Tall obstacles remain for farming Africa’s future

Policy, propaganda against GMOs and youth apathy are major barriers to improving farming and food production in Africa, a panel of experts said Saturday at the AAAS annual meeting in Chicago.

Farming practices in Africa often require backbreaking work, which is deterring young people from embracing it as a means of work. Photo courtesy of UN Photo / Fred Noy, obtained via Flickr.
Farming practices in Africa often require backbreaking work, which is deterring young people from embracing it as a means of work. Photo courtesy of UN Photo / Fred Noy, obtained via Flickr.

 

“I can assure you that in Africa we have the political will,” said Diran Makinde, from the New Partnership for Africa’s Development in Burkina Faso. However, he said most African Union countries spend less than $250,000 a year on scientific research and development because it’s  not a priority.

Makinde also said the precautionary principle of the Cartagena Protocol on Biosafety is being used to block the production of genetically modified organisms. Intended to balance health concerns with economic promise, the principle has led to issues of ambiguity, arbitrary application and bias against new technologies.

Another problem is turnover in political leadership and therefore, policy.

“At elections, everything changes,” he said. “You start all over again.”

Daniel Otunge of the African Agricultural Technology Foundation in Nairobi, Kenya, said that the non-GMO voices, many from outside Africa, have become too loud to have a proper discussion about the technology.

Margaret Karembu, right, said bringing young people into farming involves “making it sexy at the AAAS annual meeting Saturday. Seated from left are panelists Andrew Kiggundu, Mohamed Hassan, Diran Makinde, Brian Heap, and Daniel Otunge. Connor Walters/MEDILL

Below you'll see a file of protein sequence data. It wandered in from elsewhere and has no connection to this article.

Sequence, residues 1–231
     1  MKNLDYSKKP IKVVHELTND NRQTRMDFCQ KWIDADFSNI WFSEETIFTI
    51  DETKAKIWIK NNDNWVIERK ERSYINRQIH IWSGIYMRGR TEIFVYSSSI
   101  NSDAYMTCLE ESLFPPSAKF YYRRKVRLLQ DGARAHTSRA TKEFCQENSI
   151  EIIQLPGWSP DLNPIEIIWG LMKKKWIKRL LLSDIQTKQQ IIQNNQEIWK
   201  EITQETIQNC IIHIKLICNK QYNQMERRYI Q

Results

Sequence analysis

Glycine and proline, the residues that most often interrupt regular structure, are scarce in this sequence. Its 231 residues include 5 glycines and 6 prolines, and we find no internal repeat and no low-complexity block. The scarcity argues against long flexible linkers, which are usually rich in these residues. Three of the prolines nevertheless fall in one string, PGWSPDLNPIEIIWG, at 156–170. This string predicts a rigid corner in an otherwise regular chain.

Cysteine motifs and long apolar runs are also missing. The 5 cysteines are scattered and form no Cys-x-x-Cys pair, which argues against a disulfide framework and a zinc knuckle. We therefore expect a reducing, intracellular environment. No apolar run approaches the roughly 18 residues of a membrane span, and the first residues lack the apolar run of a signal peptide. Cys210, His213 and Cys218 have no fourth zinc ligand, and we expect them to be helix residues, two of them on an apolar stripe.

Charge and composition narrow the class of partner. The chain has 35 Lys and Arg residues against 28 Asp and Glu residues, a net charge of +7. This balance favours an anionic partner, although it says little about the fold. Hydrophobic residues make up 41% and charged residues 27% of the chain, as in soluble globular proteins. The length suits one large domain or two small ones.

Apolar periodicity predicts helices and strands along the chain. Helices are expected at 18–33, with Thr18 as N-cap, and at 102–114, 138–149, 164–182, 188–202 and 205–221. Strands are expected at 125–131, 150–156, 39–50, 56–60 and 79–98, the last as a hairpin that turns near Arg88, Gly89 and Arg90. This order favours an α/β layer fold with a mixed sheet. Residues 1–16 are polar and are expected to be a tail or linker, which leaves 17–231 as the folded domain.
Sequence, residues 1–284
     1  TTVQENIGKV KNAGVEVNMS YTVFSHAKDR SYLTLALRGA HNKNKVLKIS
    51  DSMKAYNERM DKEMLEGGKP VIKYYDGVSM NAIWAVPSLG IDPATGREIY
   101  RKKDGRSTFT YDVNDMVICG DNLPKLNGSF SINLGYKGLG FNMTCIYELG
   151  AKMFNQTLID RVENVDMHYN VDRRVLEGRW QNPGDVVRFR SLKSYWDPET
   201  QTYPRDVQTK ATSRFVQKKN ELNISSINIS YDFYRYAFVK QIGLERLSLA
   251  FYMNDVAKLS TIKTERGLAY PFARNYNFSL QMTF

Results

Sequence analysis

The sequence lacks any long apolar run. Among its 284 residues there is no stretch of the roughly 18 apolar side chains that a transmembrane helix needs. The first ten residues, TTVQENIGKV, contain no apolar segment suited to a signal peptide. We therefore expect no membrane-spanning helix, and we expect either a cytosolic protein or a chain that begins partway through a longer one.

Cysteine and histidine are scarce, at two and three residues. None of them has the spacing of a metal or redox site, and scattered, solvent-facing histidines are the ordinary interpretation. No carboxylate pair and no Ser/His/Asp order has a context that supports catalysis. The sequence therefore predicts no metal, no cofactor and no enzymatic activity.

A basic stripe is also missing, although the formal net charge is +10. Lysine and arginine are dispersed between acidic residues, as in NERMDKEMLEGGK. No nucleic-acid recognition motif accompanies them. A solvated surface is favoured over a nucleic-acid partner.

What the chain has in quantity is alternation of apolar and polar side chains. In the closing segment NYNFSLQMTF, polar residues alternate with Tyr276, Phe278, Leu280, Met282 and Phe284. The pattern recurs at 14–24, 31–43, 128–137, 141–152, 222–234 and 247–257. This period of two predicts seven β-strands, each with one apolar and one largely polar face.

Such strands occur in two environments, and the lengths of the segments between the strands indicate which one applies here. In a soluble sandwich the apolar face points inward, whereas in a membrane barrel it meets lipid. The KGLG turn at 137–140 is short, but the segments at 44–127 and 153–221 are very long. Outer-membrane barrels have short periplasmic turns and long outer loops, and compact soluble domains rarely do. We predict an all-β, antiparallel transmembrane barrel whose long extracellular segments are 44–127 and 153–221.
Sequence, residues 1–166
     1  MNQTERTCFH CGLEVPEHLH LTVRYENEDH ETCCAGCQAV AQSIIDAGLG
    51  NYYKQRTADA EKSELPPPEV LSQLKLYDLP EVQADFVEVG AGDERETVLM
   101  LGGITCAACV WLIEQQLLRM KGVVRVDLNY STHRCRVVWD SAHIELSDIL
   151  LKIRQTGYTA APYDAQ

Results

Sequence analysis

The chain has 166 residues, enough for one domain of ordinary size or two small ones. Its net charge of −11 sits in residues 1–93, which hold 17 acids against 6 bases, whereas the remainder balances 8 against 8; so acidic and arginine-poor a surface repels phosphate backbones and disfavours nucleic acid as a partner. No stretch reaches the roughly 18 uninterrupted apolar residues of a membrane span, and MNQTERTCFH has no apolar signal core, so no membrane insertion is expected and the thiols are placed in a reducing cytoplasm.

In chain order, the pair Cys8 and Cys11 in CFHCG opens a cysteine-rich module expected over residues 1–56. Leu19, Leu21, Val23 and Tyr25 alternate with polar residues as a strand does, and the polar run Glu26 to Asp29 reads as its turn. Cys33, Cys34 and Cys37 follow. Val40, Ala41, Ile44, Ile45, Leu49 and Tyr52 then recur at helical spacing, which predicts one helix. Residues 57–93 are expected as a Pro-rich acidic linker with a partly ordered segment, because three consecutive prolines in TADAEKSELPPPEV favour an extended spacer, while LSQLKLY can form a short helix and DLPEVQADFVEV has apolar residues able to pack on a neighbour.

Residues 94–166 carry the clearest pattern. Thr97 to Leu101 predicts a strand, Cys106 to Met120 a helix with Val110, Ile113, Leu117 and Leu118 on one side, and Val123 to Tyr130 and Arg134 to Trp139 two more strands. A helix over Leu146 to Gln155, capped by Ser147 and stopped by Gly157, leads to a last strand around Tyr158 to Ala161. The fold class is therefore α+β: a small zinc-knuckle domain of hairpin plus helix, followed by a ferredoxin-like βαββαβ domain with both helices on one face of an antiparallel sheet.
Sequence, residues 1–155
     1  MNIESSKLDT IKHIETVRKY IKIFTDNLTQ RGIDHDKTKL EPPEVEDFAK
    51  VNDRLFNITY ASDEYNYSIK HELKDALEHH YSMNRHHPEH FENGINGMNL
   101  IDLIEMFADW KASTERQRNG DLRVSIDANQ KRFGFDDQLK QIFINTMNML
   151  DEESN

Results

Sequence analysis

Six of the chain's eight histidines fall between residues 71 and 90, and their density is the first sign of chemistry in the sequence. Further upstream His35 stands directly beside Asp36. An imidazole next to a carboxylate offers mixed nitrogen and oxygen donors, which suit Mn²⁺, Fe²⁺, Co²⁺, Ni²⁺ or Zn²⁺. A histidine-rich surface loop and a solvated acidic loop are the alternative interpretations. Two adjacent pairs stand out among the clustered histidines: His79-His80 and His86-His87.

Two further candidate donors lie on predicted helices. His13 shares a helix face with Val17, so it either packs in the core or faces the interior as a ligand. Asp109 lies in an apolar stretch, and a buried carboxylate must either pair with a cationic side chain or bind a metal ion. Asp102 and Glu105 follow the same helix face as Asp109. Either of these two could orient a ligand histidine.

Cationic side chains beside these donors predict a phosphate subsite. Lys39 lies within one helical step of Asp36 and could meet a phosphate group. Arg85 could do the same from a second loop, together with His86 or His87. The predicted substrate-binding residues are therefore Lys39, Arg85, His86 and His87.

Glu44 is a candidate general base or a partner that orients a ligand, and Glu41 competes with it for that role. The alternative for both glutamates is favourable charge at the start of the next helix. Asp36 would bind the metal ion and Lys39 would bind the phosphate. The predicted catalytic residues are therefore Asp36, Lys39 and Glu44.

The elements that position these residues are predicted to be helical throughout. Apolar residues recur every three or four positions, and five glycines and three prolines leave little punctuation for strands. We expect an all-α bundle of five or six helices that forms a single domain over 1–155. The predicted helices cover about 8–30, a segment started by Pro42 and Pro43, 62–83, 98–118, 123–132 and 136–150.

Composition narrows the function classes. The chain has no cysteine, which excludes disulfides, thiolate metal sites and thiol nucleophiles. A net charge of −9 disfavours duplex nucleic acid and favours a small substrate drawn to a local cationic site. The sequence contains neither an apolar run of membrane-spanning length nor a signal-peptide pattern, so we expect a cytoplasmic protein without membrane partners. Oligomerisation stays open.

Margaret Karembu, right, said bringing young people into farming involves “making it sexy at the AAAS annual meeting Saturday. Seated from left are panelists Andrew Kiggundu, Mohamed Hassan, Diran Makinde, Brian Heap, and Daniel Otunge. Connor Walters/MEDILL

The Open Forum on Agricultural Biotechnology in Africa is “trying to bring some level of sanity in terms of this debate on our continent so that people can understand,” he said. “There was no forum that was able to organize these voices so that people would be able to get a reasonable discussion about this technology.

Another setback is that young people do not see themselves as part of the food solution. Margaret Karembu, director of the International Service for the Acquisition of Agri-Biotech Applications in Nairobi, Kenya, said farming is portrayed as “punitive, inferior and non-profitable.”

Diran Makinde presented this slide of recommendations for biosafety regulation at the AAAS annual meeting Saturday. Connor Walters/MEDILL
Diran Makinde presented this slide of recommendations for biosafety regulation at the AAAS annual meeting Saturday. Connor Walters/MEDILL

“They look at grandparents…and see the kind of labor,” she said. “It’s more like punishment, working on a farm. Most of it is not mechanized.”

Karembu said bringing young people into farming involves “making it sexy.” New mechanical technology, social media communication and even celebrity promotion of farming can make it an appealing career option for Africa’s youth.

Despite the obstacles, the panel members remained optimistic that Africa can be a thriving farming continent.

“This is not a dream, it’s a reality,” Karembu said. “It can happen.”